Venezuela raises minimum wage by 50 percent amid spiralling inflation

Venezuela, struggling under the highest inflation rates in the world, has raised minimum wage by 50 percent in a bid to protect workers’ incomes

 
Nicolas Maduro, President of Venezuela, has announced a 50 percent hike in the country’s minimum wage. The country currently has the highest rate of inflation in the world
Nicolas Maduro, President of Venezuela, has announced a 50 percent hike in the country’s minimum wage. The country currently has the highest rate of inflation in the world 
Author: Kim Darrah
January 9, 2017

Nicolas Maduro, President of Venezuela, has announced a 50 percent hike in the country’s minimum wage. The oil-rich country currently faces the worst inflation rates in the world, with the IMF forecasting that it will reach 1,600 percent in 2017.

The latest official figures were released in 2015, judging inflation at 181 percent. No official data has been released for 2016, but the political opposition has claimed it was above 500 percent.

The IMF has forecast that Venezuela’s inflation rate will reach 1,600 percent in 2017

Maduro, successor to Hugo Chavez, made the announcement on his weekly TV and radio programme. He said: “To start the year, I have decided to raise salaries and pensions.”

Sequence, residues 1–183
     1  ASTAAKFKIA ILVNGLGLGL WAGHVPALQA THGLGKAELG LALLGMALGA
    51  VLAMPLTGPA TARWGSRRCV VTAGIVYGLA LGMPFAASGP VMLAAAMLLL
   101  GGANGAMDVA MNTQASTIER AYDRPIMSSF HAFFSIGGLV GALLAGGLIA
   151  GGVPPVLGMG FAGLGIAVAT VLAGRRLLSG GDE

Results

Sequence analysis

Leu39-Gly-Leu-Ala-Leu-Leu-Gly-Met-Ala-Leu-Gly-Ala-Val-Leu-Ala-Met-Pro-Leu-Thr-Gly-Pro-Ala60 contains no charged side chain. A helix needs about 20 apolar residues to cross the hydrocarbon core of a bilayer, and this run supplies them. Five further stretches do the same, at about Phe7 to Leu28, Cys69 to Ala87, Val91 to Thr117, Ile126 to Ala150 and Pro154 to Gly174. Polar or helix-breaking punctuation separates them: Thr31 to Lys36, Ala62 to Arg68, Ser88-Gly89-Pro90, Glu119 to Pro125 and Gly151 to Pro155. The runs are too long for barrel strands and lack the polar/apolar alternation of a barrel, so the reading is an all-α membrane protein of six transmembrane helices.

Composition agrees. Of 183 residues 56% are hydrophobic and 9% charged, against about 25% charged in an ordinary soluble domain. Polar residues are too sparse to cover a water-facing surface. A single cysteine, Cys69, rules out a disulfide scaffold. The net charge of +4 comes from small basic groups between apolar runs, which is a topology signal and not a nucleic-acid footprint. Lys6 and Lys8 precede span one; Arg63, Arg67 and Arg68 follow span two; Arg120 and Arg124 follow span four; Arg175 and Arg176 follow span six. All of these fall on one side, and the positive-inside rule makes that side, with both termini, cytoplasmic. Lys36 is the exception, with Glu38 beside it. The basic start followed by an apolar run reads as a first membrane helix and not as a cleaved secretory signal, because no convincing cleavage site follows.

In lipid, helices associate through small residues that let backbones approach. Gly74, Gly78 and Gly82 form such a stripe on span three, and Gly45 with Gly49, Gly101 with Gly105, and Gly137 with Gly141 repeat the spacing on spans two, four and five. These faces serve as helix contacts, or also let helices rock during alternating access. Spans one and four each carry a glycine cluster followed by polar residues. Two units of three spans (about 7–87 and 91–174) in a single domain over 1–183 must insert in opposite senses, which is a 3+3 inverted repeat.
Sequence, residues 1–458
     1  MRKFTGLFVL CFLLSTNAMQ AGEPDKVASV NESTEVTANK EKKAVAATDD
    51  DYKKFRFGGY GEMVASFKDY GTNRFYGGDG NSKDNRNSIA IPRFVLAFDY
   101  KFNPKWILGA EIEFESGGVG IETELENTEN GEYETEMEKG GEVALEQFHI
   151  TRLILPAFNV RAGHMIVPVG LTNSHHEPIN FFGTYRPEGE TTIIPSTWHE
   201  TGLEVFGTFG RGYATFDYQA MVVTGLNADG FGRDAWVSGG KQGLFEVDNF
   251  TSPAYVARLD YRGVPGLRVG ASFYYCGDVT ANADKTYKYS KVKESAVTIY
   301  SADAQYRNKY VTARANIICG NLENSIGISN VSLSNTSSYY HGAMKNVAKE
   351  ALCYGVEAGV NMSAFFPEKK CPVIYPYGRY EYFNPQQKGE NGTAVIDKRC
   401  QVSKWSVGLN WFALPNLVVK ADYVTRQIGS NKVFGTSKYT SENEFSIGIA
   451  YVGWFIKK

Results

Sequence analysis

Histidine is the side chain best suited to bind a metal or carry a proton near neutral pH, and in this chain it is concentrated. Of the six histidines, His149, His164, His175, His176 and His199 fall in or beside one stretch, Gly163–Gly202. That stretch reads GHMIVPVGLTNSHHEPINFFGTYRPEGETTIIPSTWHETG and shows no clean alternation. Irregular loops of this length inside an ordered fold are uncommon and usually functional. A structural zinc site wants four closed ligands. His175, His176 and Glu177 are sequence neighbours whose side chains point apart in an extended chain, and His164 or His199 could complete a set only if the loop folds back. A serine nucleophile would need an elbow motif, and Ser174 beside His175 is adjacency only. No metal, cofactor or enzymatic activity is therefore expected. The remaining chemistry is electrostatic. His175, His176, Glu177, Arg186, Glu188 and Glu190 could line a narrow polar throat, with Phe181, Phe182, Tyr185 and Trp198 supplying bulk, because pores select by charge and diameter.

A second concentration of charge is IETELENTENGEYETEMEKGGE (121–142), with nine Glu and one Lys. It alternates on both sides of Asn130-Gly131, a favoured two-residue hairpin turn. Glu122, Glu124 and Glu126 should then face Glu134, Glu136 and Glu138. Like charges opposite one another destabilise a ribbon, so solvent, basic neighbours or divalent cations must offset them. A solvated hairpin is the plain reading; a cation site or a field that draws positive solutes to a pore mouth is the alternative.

The hike in minimum wage marks the fifth rise over the course of the past year, bringing the total cumulative increase to 322 percent since February 2016. The minimum monthly salary has now reached 40,683 bolivars, which is approximately $12 at the black market rate, according to Reuters.

The low price of oil – Venezuela’s key export – have hurt the country’s finances over recent years. The economy is now facing a third consecutive year of steep recession, and has seen severe shortages of basic goods including food and medicine. While Maduro’s critics blame his policies for the spiraling crisis, he continues to point the finger elsewhere. In the same announcement, Maduro said: “In times of economic war and mafia attacks… we must protect employment and workers’ income.”

The decision to increase minimum wage will do nothing to target the underlying problems behind Venezuela’s inflation crisis, however. José Guerra, opposition politician and member of the National Assembly Finance Committee, criticised the move, claiming that it would ultimately trigger even higher inflation. He said that, in response to the rise, the Central Bank would simply print more money. He claimed via Twitter: “This has already been studied.”